Boeing Named to PrimeWIN Program

Wednesday, June 8, 2011 6:00 am

by D. Ray Tuttle

Journal Record

With 34 aerospace engineering subcontractors working on E-4B National Airborne Command Post aircraft in Oklahoma City, the Boeing Co. is the first participant accepted into the state's PrimeWIN program.

Gov. Mary Fallin made the announcement Tuesday during the 10th Oklahoma Aerospace Summit and Expo at the Tulsa Convention Center.

PrimeWIN is an incentive program designed to match Oklahoma subcontractors with federal prime contractors, said Dave Lopez, Oklahoma secretary of commerce and tourism.

"We wanted to get more federal government project work into the state so Oklahoma companies can bring more jobs and investment into the state," Fallin said.

The program incentivizes prime contractors no matter where they are located to subcontract work in Oklahoma, Lopez said.

"The prime contractor receives the incentive and the Oklahoma businesses get the work and are able to create jobs," Lopez said.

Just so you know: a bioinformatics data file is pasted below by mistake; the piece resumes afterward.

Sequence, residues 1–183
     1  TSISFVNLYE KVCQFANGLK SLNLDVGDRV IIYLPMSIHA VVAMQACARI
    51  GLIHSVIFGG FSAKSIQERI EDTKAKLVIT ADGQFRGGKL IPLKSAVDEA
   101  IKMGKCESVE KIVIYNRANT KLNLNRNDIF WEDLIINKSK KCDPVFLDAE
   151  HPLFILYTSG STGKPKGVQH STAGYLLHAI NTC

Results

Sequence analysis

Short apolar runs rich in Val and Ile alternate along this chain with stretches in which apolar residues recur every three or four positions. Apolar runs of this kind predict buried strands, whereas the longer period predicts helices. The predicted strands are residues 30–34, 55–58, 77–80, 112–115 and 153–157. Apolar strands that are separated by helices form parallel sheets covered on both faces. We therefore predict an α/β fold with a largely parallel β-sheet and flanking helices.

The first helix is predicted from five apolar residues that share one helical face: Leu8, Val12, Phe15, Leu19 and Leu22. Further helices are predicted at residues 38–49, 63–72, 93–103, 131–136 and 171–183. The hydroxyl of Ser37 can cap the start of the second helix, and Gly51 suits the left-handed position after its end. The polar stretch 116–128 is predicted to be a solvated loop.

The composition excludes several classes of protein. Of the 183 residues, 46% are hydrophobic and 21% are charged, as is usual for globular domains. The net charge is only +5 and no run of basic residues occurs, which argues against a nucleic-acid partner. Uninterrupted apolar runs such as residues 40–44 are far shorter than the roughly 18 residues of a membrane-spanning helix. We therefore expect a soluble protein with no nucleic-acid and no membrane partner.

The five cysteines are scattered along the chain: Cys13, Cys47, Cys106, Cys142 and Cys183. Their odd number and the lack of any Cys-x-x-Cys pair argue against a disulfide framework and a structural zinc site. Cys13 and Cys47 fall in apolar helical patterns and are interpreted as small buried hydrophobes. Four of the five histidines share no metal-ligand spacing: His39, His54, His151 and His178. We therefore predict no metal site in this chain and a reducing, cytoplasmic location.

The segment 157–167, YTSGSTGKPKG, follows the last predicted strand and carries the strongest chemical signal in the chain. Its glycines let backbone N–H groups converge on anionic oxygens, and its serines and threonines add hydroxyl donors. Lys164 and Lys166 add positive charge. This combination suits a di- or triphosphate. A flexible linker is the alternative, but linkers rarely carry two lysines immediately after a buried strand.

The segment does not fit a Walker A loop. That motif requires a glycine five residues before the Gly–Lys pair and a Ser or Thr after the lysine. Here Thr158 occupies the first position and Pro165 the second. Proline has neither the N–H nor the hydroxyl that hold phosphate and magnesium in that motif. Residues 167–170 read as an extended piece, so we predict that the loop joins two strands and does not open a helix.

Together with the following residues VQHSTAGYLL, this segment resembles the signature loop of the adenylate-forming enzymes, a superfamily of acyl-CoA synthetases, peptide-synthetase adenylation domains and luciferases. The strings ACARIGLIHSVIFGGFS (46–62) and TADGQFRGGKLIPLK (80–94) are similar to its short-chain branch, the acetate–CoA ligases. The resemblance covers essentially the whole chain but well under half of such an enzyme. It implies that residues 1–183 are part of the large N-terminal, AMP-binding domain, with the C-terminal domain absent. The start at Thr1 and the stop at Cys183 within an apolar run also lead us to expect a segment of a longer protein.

Steve Hendrickson, Boeing director of government operations in Oklahoma, called the program genius public policy.

"It incentivizes companies to put labor into the state," Hendrickson said. "And, the incentive is post-performance not one dime of state incentives goes into this until a job is created in the state."

Boeing, which employs 740 at its maintenance base in Oklahoma, will bring another 550 jobs to the facility in 2012, said Jennifer Hogan, Boeing spokeswoman.

The PrimeWIN program provides a cash benefit of up to 2 percent of the Oklahoma workforce loaded labor cost.

Once a company applies and is accepted, it makes a declaration of the amount of labor associated with that federal contract, said retired U.S. Maj. Gen. Al Goodbary, executive director of the PrimeWIN program office.

"That number will be used to calculate the incentive," Goodbary said.

The incentives are paid quarterly for 10 years by the Oklahoma Tax Commission, said Steve Bullock, PrimeWIN director of operations.

The program is revenue-neutral, Lopez said.

Oklahoma already has a subcontracting network of at least 600 to 700 companies, Goodbary said.

In April, Fallin signed a bill that re-established tax credits for aerospace engineers going to work for Oklahoma companies and for the companies that hire them. Oklahoma offers tax credits up to $5,000 a year to newly hired aerospace engineers and up to 5-percent reimbursement of payroll to the companies hiring them.

"We want to create more jobs and the best business climate possible," Fallin said.